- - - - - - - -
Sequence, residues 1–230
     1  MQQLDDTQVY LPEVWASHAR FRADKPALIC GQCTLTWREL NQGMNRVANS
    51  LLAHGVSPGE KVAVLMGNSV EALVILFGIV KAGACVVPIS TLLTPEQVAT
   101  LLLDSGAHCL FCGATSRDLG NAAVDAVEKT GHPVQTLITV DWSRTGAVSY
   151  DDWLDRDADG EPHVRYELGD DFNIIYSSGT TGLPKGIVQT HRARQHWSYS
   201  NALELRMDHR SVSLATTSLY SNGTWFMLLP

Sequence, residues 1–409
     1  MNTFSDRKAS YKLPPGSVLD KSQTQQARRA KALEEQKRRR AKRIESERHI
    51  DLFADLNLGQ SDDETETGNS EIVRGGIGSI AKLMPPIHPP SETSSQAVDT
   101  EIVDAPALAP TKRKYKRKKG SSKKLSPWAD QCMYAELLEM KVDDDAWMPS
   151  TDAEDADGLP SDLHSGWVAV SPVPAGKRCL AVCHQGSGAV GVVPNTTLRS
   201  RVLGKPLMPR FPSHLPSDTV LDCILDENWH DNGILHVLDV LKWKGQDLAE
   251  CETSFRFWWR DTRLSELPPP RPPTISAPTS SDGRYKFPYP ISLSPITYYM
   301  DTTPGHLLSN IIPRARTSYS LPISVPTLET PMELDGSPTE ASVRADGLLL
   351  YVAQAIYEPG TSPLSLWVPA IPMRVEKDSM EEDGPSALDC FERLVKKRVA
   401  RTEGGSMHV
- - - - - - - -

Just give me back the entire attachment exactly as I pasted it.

Sequence, residues 1–230
     1  MQQLDDTQVY LPEVWASHAR FRADKPALIC GQCTLTWREL NQGMNRVANS
    51  LLAHGVSPGE KVAVLMGNSV EALVILFGIV KAGACVVPIS TLLTPEQVAT
   101  LLLDSGAHCL FCGATSRDLG NAAVDAVEKT GHPVQTLITV DWSRTGAVSY
   151  DDWLDRDADG EPHVRYELGD DFNIIYSSGT TGLPKGIVQT HRARQHWSYS
   201  NALELRMDHR SVSLATTSLY SNGTWFMLLP

Sequence, residues 1–409
     1  MNTFSDRKAS YKLPPGSVLD KSQTQQARRA KALEEQKRRR AKRIESERHI
    51  DLFADLNLGQ SDDETETGNS EIVRGGIGSI AKLMPPIHPP SETSSQAVDT
   101  EIVDAPALAP TKRKYKRKKG SSKKLSPWAD QCMYAELLEM KVDDDAWMPS
   151  TDAEDADGLP SDLHSGWVAV SPVPAGKRCL AVCHQGSGAV GVVPNTTLRS
   201  RVLGKPLMPR FPSHLPSDTV LDCILDENWH DNGILHVLDV LKWKGQDLAE
   251  CETSFRFWWR DTRLSELPPP RPPTISAPTS SDGRYKFPYP ISLSPITYYM
   301  DTTPGHLLSN IIPRARTSYS LPISVPTLET PMELDGSPTE ASVRADGLLL
   351  YVAQAIYEPG TSPLSLWVPA IPMRVEKDSM EEDGPSALDC FERLVKKRVA
   401  RTEGGSMHV